I was born sixty-eight years ago today, in Jersey City‘s Christ Hospital, at around eleven in the morning. I would have been born earlier, but the hospital staff tied Mom’s legs together so I wouldn’t come out before the doctor showed up. You know Poe’s story, The Premature Burial? Mine was like that, only going the other way: a Postmature Birth. It wasn’t fun.
When they finally took the straps off Mom, I was already there, face-first, with my head bent back so far that, when the doctor yanked me out with a forceps, the back of my C5 vertebra was flattened. The bruise that rose on the back of my neck was nearly the size of my head.
Mom wasn’t happy either, but you didn’t complain in those days. Whatever the shitty new status quo was, it beat the hell out of the Depression and the War. And, to be fair, the postwar Baby Boom was also at high ebb, stripping the gears of all kinds of systems: medicine, government, transport, education, whatever.
So we built a new postwar industrial system, and watched it all happen on TV.
All my life I’ve watched that system closely and looked for ways to have fun with it, to break it, and to fix it. I didn’t realize at first that fixing it was what I was here for, but eventually it dawned on me.
Specifically, it happened at Esther Dyson’s PC Forum, in March 1994. John Gage showed off the World Wide Web, projecting Mosaic (the Ur graphical browser) from a flaky Macintosh Duo. I already knew about the Web, but seeing it at work, all over the world, blew my mind and changed my life.
What I saw in the future were near-infinite computing and communications powers on our laps and in our pockets, projecting our very lives into a second digital world that would coexist with our physical one. In this second world we would all be a functional distance apart of zero, at a cost that leaned toward the same. The digital genie had been loosed from the physical bottle, and both would rule our species henceforth.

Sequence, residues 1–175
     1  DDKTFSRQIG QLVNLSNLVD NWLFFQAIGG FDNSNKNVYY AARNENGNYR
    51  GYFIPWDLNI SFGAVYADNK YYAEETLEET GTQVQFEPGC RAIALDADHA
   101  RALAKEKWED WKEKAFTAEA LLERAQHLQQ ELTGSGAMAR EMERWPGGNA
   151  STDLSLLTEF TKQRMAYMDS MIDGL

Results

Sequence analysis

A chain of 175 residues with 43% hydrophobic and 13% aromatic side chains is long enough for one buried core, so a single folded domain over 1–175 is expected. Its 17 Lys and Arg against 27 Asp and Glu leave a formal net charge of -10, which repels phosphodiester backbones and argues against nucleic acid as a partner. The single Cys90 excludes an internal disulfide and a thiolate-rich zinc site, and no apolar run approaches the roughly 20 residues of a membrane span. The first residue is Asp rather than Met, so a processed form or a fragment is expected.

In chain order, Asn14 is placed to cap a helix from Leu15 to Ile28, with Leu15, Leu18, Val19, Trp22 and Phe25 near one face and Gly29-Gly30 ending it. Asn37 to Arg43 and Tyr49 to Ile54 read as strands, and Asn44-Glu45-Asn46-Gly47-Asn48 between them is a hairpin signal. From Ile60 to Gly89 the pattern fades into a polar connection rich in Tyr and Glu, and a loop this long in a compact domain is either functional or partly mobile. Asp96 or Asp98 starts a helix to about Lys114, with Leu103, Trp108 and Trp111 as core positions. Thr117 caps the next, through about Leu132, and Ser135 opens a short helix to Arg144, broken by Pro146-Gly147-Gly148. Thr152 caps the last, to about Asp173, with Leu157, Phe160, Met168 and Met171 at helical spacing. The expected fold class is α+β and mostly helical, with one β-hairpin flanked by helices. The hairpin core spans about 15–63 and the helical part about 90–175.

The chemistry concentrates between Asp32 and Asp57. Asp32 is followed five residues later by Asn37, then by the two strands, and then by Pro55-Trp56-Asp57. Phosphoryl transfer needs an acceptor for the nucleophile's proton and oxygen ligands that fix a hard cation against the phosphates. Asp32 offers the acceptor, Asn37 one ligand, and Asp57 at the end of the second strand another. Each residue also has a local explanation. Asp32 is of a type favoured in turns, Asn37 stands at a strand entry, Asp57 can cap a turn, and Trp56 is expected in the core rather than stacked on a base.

The question What am I doing here? — which had haunted me all my life, now had an answer. I had to help the world make the most of its new situation. “Your choice is always to help or to hurt,” Mom used to say. I wanted to help.
That’s why I started writing for Linux Journal in 1996, involving myself in the free software and open source movements. It’s why I co-wrote The Cluetrain Manifesto in 1999. And it’s why I started ProjectVRM in 2006.
The simple idea with VRM (vendor relationship management) is to fix business from the customer side, by providing tools that make each of us both independent of businesses yet better able to engage with them. The mass market industrial model is to give businesses “scale”: the ability deliver the same products and services to countless customers. In the VRM model, the customer gets scale too, across all the businesses she deals with. (Imagine, for example, being able to change your address for every business you deal with, in one move, using a tool of your own. Or to set your own privacy boundaries, or terms of engagement.)
It’s a long-term ambition, and success may take longer than it does for me to complete my tour of the planet. But there are now lots of developers on the case, around the world.
I have absolute faith that fully empowered customers will prove good for business. Or, in other words, that free customers prove more valuable — to themselves and to business — than captive ones.
Making that happen is what I’m doing here. Sure, I do lots of other stuff too. But that’s the main thing.
Bonus link: The Final Demographic.
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